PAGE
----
Charlie Parr,
King Earl
(independent, 2004)

In anybody else's hands a song titled "Ode to a New Dealer" would be addressed to the drug peddler down the street. Not here. Charlie Parr's immersion in the 1930s is so all-consuming that he means New Dealer in the old-fashioned -- Franklin D. Roosevelt -- sense.

The world of King Earl (also the title character of a deeply gloomy song with a disarmingly sweet melody) reposes in a state of both Depression and depression. Its residents are broken men stuck in hard, dangerous jobs or looking for work on winter streets or just congregating in the freeze of a railroad yard in hope of a passing freight. In this country it's cold and bitter inside and out. You probably will figure out for yourself, just listening to the songs, that Parr must live in a frigid northern city like Duluth, Minnesota. Well, in this case it actually is Duluth, Minnesota.

Parr's day job is as a social worker, so the down-and-outers he conjures up in his vividly imagined and rendered songs owe much, one presumes, to real people and real life. His musical instincts, however, are thoroughly retro, his instrument of choice a steel-bodied guitar, his approach unambiguously underscoring debts to Bukka White, Furry Lewis and Blind Willie Johnson, with the occasional nod to sort-of more modern artists such as fellow Minnesotan Spider John Koerner (who could have written "V8 Ford Blues Pt. 2") and Tom Waits -- themselves, of course, looking backward at least as often as forward.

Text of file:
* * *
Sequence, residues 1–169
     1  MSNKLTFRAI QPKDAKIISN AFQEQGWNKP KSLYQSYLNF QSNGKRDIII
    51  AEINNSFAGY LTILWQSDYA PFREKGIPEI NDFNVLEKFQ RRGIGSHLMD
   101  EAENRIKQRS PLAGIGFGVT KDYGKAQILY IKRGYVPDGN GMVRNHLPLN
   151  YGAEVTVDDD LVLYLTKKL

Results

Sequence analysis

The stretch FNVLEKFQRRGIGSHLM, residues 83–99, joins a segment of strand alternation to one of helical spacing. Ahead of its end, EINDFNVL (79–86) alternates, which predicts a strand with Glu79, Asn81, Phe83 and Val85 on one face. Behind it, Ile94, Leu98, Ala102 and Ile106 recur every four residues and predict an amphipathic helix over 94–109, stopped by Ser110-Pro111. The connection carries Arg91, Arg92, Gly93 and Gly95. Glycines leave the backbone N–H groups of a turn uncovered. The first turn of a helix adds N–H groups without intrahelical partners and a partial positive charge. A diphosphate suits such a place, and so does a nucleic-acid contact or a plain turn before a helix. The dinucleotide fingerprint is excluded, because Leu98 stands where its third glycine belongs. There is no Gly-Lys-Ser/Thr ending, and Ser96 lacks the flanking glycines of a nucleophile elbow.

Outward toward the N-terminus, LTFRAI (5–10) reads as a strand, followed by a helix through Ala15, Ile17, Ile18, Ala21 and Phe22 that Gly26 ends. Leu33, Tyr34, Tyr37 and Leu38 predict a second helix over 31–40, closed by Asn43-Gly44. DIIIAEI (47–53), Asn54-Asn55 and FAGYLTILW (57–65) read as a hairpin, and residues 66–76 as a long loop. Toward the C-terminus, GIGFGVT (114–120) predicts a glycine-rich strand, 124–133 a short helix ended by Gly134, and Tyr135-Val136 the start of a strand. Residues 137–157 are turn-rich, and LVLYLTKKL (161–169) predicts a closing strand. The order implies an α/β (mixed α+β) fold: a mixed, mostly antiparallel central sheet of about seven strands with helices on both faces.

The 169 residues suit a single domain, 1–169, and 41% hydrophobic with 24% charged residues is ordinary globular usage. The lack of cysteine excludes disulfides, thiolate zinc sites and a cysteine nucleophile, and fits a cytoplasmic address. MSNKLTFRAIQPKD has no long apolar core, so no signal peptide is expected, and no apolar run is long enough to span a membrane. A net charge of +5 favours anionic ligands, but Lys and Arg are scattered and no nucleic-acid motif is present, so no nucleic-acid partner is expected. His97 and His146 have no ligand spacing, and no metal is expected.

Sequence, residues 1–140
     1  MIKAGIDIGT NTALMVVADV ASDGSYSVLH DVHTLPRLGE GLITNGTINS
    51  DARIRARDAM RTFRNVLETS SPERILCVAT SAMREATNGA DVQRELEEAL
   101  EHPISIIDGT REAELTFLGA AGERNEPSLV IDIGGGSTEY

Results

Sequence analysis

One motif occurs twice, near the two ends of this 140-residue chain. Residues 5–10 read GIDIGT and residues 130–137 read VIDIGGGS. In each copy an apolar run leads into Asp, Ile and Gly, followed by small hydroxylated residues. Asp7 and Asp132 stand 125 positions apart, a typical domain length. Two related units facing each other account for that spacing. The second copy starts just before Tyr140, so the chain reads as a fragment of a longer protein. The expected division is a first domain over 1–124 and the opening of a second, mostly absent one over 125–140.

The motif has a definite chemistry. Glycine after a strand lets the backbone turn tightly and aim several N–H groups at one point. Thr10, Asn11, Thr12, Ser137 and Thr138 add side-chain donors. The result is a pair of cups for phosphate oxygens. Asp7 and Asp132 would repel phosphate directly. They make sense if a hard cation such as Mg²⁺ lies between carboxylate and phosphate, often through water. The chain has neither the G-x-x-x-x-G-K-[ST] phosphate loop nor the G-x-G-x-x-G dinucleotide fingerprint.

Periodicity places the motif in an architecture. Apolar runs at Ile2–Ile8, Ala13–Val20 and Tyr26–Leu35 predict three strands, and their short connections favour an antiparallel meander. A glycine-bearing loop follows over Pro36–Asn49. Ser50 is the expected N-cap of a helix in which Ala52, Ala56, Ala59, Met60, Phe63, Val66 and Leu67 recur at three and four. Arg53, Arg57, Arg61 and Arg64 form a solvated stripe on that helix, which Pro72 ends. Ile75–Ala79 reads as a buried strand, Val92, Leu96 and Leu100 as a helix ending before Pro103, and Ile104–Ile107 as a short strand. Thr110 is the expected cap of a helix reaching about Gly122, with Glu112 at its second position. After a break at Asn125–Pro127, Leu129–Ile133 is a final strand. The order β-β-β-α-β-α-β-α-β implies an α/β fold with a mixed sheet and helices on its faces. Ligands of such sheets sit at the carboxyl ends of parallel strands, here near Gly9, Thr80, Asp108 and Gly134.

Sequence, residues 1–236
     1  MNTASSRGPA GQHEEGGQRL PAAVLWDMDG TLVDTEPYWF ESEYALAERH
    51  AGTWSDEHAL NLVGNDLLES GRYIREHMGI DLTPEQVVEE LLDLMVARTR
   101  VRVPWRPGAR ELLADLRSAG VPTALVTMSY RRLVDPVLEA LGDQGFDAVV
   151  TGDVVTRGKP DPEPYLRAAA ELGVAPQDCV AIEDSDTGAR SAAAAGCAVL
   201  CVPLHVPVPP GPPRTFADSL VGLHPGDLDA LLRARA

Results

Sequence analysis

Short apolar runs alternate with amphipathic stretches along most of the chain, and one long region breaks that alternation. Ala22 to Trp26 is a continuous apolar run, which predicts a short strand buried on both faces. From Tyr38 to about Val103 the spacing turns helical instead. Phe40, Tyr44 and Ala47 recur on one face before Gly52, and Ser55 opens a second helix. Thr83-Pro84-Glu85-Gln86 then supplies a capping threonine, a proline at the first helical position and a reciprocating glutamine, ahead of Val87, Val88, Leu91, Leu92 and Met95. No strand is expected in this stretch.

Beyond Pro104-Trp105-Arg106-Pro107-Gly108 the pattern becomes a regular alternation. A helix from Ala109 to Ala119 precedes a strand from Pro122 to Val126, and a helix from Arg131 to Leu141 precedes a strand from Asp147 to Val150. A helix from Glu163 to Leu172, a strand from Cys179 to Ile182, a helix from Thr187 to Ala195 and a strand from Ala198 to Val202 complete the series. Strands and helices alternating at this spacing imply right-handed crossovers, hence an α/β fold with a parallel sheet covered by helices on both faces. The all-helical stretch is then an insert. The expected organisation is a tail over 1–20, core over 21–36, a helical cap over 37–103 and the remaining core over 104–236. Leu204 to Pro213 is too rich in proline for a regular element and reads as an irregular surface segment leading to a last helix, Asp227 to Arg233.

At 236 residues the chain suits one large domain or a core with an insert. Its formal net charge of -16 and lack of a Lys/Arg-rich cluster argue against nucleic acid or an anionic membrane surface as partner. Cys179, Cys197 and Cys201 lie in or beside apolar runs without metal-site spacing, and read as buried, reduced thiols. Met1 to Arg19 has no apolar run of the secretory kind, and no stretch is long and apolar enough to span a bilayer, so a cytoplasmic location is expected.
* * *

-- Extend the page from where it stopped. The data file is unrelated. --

"Worried Blues" and "Miner's Lament" are traditionals, and the rest are originals, though new or old is something you wouldn't know without prior knowledge or attention to Parr's minimalist liner notes, which appear as if composed on a typewriter well overdue for a thorough cleaning. There are no clunkers here -- nothing close, in fact -- but "King Earl" and the raucous "Reverend Eviction's Blues" (with the memorable refrain "I got to unroll myself/From this wicked world") stand out and stick in memory long after the disc has ceased playing.

This is folk music in the old-fashioned, ripe, unbathed and unshaved sense. What it lacks in sunshine and warmth, it more than makes up for in arctic wind and bone-numbing temperature. You're glad you're not any of Parr's characters, but he lets you be happy that you've met them.

- Rambles
written by Jerome Clark
published 26 February 2005



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